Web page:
Hesperus is Bosphorus

A group blog by philosophers in and from Turkey

Archive for the ‘Aesthetics’ Category

Barry Allen on Aesthetics of Engineering, 12th November, Istanbul Technical University

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Professor Barry Allen of the Department of Philosophy at McMaster University, currently visiting Professor in the Department of Philosophy at Boğaziçi University, will give a talk on ‘Aesthetics of Engineering’ to the Culture and Art Club (Kültür ve Sanat Birliği), Istanbul Technical University, at the central Campus, 12:30, 12.11.2013.

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Written by Barry Stocker

November 10, 2013 at 4:29 pm

Posted in Aesthetics

Talk by Barry Allen (McMaster University) at Bogazici on “ENGINEERING AESTHETICS” 01/11/2013

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BOĞAZİÇİ UNIVERSITY

Department of Civil Engineering

 

Seminar on

ENGINEERING AESTHETICS

By

Prof. Barry Allen

Visiting Professor in the Department of Philosophy at Boğaziçi University

Professor of Philosophy at McMaster University in Ontario, Canada

Friday, November 01, 2013, 3:00-4:00 PM

Vedat Yerlici Conference Center, Room 1

Engineering Building 5th Floor

 

Abstract: Works of engineering (for example a bridge, ship, or aircraft) resist the separation, traditional in aesthetic theory, between how they look, or what it is like to perceive them, and how effective or efficient they are. As a result, it is impossible to take a disinterested stance. We cannot separate an assessment of aesthetic value from an appraisal of technical achievement. How well such objects work cannot be separated from how well they look, or the aesthetic quality of their perception.

Works of engineering thus require us to reconsider the idea that aesthetic quality is merely subjective, or a matter of how people feel, without regard to physical qualities or real changes in the physical world. Appearance and functionality are not as independent as aesthetic theory traditionally tends to assume. In this lecture I explain this argument with several examples, mostly drawn from modern bridge engineering.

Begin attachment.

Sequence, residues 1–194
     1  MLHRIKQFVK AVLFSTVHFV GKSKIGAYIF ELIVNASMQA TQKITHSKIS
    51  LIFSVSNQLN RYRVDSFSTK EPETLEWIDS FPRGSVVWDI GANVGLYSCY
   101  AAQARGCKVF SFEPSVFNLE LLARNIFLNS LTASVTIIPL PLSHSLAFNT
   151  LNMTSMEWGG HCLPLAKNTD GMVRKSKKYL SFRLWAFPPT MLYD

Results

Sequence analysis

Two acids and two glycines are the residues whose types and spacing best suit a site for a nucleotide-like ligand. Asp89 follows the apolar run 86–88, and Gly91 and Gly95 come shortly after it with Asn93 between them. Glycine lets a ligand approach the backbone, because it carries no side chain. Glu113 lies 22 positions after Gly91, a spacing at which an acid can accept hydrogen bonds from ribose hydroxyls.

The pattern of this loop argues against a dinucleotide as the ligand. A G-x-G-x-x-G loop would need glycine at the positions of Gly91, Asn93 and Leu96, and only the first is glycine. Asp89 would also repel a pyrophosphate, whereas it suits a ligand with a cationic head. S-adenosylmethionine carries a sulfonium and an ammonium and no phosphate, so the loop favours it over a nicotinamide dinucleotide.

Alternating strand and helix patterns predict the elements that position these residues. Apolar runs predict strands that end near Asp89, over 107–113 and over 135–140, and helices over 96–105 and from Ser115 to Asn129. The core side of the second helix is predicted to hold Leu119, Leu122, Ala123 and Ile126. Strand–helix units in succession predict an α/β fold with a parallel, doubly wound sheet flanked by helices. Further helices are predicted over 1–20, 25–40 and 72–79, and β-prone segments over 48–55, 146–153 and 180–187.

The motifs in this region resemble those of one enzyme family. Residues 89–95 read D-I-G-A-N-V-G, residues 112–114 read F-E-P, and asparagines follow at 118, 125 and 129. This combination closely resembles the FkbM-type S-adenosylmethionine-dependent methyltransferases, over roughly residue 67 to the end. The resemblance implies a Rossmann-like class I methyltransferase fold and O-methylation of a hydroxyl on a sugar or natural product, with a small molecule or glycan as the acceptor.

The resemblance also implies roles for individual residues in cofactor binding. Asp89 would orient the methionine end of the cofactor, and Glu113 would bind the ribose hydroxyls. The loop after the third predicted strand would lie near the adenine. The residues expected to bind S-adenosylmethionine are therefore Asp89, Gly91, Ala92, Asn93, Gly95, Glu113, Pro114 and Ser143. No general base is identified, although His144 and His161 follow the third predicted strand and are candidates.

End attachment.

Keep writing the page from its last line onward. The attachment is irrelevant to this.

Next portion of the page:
CV

Barry Allen is Professor of Philosophy at McMaster University in Ontario, Canada. He received his PhD in philosophy from Princeton University in 1986. He is the author of four books, including “Artifice and Design: Art and Technology in Human Experience” (2008). This semester he is a visiting professor in the Department of Philosophy at Boǧaziçi University, where he is teaching a class on Chinese philosophy.

Written by Lucas Thorpe

October 27, 2013 at 8:07 pm

Talk at Bogazici: Ivan Soll (Wisconsin-Madison) on “In Praise of Illusion.” 18/07/2013

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Professor Ivan Soll (Wisconsin-Madison) will give a talk at Bogazici University on Thursday 18/07/2013, in TB130 from 5-7pm. Everyone welcome.

“In Praise of Illusion.” 

ABSTRACT: A wide ranging discussion of various attitudes to illusions, both perceptual and intellectual, in Descartes, the Empiricists, Kant, Schopenhauer, 20th century aesthetic theory, and Nietzsche, and including my own views about the matter.

 

Written by Lucas Thorpe

July 14, 2013 at 8:38 pm

Two-Day Conference on Neurology, Philosophy of Biology, and Artificial Intelligence, organized by Koç University Philosophy Department (Venue: Beyoglu – RCAC)

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  • Speakers include but are not limited to: Bernard Stiegler (Université de Technologie Compiègne), Alva Noë (University of California, Berkeley), Barry Smith (University of London), and Güven Güzeldere (Harvard University)Poster

Conference Program

May 25th  Saturday

9.30 Opening

9.45-11.45 First Session

  Hilmi Demir: “A Recent History of Philosophy of Mind: Convergence Points between Cognitive Sciences and Phenomenology”

 Barış Korkmaz: “Self: Neuroscience and Psychoanalysis”

Aziz Zambak: “Plasticity: The Forgotten Principle in Artificial Intelligence”

11:45-12:00 Coffee Break

12:00-13:00  Second Session

Bernard Stiegler: “From Neuropower to Noopolitics”

13:00-14:30 Lunch Break

14:30:16:30 Third Session

Patrick Roney: “Neuro-aesthetics”

Zeynep Direk: “Neuroethics and the question of alterity”

Stephen Voss: “What do I mean when I say I”

May 26th Sunday

 9:30-10:30 First Session